Op-Ed

PrintPrint EmailEmail ShareShare CiteCite
Style:MLAAPAChicagoClose

loading...

On Missile Defense,

Authors: James M. Lindsay, Senior Vice President, Director of Studies, and Maurice R. Greenberg Chair, and Ivo H. Daalder
October 22, 2000
Brookings Institution Press

Share

Ever since he rejected Bill Clinton's proposals on missile defense during the Moscow summit, Russian President Vladimir Putin has moved aggressively to push his own plan for defending against missile attacks. Rather than questioning Putin's motives, Washington should welcome his offer work with NATO countries on developing limited defenses. A cooperative approach to missile defense offers the United States the best chance to defend itself against the new missile threat without poisoning relations with Moscow and allies alike.

Putin's proposal, which he has sketched in only the broadest terms, calls for developing boost-phase defenses. Whereas the missile defense system the Clinton administration is proposing to deploy in Alaska seeks to destroy warheads in space, boost phase defenses attempt to destroy missiles immediately after launch. To do this, boost phases defenses cannot be deployed on U.S. soil but instead need to be located within several hundred miles of the launch site.

If boost-phase defenses can be made to work, they have three advantages over the Alaska system the administration favors. First, they are far less vulnerable to countermeasures because they would shoot down missiles before they reach space and can deploy decoys. Second, boost phase defenses would not threaten the Russian or Chinese nuclear deterrents. A boost-phase defense designed to protect against North Korean, Iran, or Iraqi missile launches simply would be too far away to shoot down Russian or Chinese missiles. Third, because they hit missiles immediately after launch regardless of where they are headed, boost-phase defenses would defend not just the United States but also Russia and Europe from attack. This would allay European fears that they will become the target if the United States succeeds in defending itself.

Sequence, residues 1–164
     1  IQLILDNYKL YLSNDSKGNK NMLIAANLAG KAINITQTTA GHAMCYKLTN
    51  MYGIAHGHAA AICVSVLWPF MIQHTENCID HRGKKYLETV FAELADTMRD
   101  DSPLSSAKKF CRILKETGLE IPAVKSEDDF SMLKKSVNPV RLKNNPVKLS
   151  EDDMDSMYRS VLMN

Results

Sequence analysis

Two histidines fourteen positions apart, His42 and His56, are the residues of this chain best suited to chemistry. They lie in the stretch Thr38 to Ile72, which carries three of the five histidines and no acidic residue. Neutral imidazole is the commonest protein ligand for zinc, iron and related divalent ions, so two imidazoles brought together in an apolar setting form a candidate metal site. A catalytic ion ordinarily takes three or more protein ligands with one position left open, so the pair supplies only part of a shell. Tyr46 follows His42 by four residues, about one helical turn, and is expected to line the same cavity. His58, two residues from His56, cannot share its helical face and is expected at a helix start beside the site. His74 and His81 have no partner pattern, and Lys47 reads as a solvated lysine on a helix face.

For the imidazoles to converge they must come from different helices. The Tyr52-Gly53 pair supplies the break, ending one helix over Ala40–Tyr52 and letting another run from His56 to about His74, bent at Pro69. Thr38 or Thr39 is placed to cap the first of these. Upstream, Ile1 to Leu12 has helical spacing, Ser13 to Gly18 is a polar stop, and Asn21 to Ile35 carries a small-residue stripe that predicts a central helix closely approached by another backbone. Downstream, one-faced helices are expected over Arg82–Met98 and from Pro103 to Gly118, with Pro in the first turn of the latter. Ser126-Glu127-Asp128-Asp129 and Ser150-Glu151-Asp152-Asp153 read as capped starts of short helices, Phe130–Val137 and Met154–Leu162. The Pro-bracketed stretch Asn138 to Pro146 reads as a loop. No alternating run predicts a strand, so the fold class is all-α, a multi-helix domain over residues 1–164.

Washington's— and NATO's— initial reaction to Russia's sudden interest in missile defenses has been to dismiss it as a crude attempt to divide the United States and its European allies. This reaction is understandable. Putin's initiative bring to mind Soviet strategy toward Europe during the early 1980s when he was a KGB agent posted in East Berlin. Then, Moscow sought to divide the alliance by feeding European concerns about U.S. nuclear missile deployments in Germany. Now, Putin presents his ideas to a European audience, having failed to discuss them with Clinton in Moscow.

But questioning Putin's motives misses the point. What matters is that Moscow has now accepted the two main arguments the United States has been making for months— that the spread of long-range missiles threatens Western security and that active defenses must be part of the answer.

Washington should therefore seize the opening that Putin has provided and begin serious discussions on a joint effort to develop anti-missile systems. A cooperative approach to dealing with the new missile threat is very much in America's interest. One of the greatest concerns of proceeding unilaterally with missile defense deployment, as the U.S. currently contemplates, is the high likelihood that it will poison relations with Russia, China, and perhaps even our allies.

A serious dialogue with Russia on the new missile threat does not mean that the administration must abandon the possible deployment of its defense system in Alaska. Whether boost-phase defenses will substitute for or complement the Alaska system is a matter that can be settled down the road. The Pentagon has yet to demonstrate that its system can work under real-world conditions. And the missile threat itself may be changing, as electoral victories by reform candidates in Iran are followed by a historic summit meeting between North and South Korea in Pyongyang.

It may turn out that Putin is bluffing when he talks about cooperating with NATO on developing missile defenses. But it is better to call his bluff than to let him score easy diplomatic points at America's expense. And if Putin means what he says, Washington has nothing to lose— and much to gain— by working jointly with Moscow to protect the citizens of both countries from nuclear attack.

More on This Topic